Baltics mull joint TV channel to counter Kremlin's line
View of Riga, seen from the tower of St. Peter's Church, on May 11, 2006 - by Ilmars Znotins
Numerous Russian-language media outlets already exist in Estonia, Latvia and Lithuania but most emanate from Russia and toe its line on politics and history -- sensitive issues in a region that endured half a century of Soviet occupation.
This month, Latvia and Lithuania each suspended the television channel Russia RTR for "inciting ethnic hatred". Vilnius had already taken two other stations off the air.
The Ukraine conflict, the worst East-West standoff since the Cold War, is at the heart of the idea for a joint Russian channel, giving the talks a sense of urgency.
"The Russian-Ukrainian conflict has led to a situation where waiting any longer is unacceptable given the number of Russian channels being retransmitted in the Baltic states," said Ivars Belte, head of Latvian state broadcaster LTV.
"The Russian-speaking audience needs a channel in a language it understands and which objectively reflects developments in the Baltic countries," he told AFP.
Latvia's prime minister and top diplomat have both held talks on the matter in recent weeks, with Foreign Minister Edgars Rinkevics taking to Twitter to voice his support for what he called "an effective tool to counter Russian official propaganda".
But the idea is still at a theoretical stage, according to Audrius Siaurusevicius, head of Lithuanian national broadcaster LRT: "We've only had an initial discussion".
- Europe-wide Russian channel? -
Ethnic Russians make up only six percent of Lithuania's population, compared with a quarter in Estonia and Latvia, but Vilnius has led the way in denouncing Moscow's disinformation campaigns.
Lithuanian President Dalia Grybauskaite has described the actions of Moscow-backed channels as "open information warfare".
She even alleged last year that Moscow was preparing a mudslinging campaign shortly before the Vilnius summit where Ukraine's decision to step away from an EU deal plunged the country into chaos.
"Constant disinformation, provocations and hostile propaganda have become a threat to national security," she warned late last month.
In October 2013, Lithuanian regulators suspended the Russian-language First Baltic Channel after it aired a controversial documentary blaming Lithuania for a deadly Soviet-era crackdown while it was struggling to regain independence.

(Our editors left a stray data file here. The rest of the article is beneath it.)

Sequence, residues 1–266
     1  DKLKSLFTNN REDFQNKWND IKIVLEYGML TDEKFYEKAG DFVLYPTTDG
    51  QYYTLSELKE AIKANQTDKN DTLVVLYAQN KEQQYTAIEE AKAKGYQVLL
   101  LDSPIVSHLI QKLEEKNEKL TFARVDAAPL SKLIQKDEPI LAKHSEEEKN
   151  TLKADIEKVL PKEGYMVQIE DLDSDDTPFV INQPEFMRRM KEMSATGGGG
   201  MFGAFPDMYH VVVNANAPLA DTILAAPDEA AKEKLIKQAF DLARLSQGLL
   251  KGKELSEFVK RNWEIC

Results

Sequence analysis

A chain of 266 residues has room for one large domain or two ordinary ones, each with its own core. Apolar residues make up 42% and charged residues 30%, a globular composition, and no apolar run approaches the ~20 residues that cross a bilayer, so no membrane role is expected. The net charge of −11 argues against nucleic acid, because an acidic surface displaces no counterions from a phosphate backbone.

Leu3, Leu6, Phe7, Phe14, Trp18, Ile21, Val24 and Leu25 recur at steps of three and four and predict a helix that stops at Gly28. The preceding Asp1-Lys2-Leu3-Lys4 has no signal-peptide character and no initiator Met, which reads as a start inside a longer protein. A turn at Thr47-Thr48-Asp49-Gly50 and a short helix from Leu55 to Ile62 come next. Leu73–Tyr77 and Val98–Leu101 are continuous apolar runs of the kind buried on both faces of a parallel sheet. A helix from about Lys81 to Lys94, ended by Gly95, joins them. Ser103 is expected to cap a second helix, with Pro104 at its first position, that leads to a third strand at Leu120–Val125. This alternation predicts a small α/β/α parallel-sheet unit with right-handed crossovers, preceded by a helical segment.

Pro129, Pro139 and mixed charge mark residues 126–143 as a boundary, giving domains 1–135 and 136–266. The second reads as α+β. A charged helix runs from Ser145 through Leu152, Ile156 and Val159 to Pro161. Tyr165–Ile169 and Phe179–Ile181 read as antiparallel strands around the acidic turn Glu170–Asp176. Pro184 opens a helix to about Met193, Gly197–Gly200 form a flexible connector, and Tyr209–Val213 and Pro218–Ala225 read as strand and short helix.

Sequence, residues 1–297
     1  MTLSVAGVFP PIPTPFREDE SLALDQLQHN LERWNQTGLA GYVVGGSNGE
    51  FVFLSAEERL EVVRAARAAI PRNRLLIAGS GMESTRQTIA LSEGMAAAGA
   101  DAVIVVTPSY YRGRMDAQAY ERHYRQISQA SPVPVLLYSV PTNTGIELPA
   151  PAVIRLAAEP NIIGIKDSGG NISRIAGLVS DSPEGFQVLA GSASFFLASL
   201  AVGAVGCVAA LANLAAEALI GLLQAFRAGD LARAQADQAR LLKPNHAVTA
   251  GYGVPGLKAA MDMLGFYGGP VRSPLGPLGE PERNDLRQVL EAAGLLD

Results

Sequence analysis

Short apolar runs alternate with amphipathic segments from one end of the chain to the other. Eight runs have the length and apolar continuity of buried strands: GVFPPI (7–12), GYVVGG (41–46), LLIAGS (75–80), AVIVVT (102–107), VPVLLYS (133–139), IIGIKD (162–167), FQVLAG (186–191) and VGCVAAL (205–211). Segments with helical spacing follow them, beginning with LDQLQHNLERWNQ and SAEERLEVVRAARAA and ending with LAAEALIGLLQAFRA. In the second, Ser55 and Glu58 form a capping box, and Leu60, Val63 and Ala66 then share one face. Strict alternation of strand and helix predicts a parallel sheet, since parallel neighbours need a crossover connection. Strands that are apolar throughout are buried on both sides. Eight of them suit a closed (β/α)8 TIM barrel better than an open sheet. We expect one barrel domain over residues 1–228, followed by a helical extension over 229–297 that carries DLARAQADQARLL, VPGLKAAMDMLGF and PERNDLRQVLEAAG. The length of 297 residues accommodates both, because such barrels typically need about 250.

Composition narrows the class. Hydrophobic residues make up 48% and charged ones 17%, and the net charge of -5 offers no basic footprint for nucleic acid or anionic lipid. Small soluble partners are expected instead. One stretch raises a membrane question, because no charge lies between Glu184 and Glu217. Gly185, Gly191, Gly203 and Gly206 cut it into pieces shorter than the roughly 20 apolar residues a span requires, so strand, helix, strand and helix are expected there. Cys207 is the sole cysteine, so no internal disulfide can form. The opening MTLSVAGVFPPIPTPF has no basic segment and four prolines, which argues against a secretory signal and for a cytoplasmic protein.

More recently Vilnius imposed three-month bans on two Moscow-based Russian-language television channels: NTV Mir in March and RTR earlier this month.
Estonians have also debated blocking Russian channels in past, particularly after the notorious "Bronze Soldier" riots in the capital Tallinn in 2007.
The riots erupted when ethnic Russian residents protested against the government's plan to move a Soviet-era war memorial, which Russian media later falsely claimed had been demolished.
But Estonian politicians are wary of the free speech implications of broadcast bans and so far none have been introduced.
"Fighting propaganda with propaganda will lead to cold war and will only increase the danger," said Yana Toom, a member of Estonia's Centre Party, which is the most popular with the Russian-speaking minority.
Others are sceptical about the viability of the joint channel proposal.
"It's a nice idea but after a hard day in the Riga shipyards, a Russian worker wants to come home and watch something entertaining," said Latvian lawmaker Ainars Latkovskis, a former social integration minister.
"Russian shows have huge budgets that even a joint Baltic channel could not compete with. The amount of money that would be available wouldn't even buy a tank let alone an entertaining show," he told AFP.
Enter Anvar Samost, a former Estonian journalist and current politician, with the proposal of a Europe-wide Russian-language channel funded by the European Union.
"It is too big of a challenge for one country to set up a Russian TV channel that is good enough to compete but it will certainly not be too big of a challenge for the EU," Samost wrote in the daily Postimees.
Estonian Prime Minister Taavi Roivas told reporters he thought the EU channel was "seriously worth considering and I plan to discuss this with colleagues from other states".
"I think its a good idea to have a TV channel that is objective and works within normal standards of free media."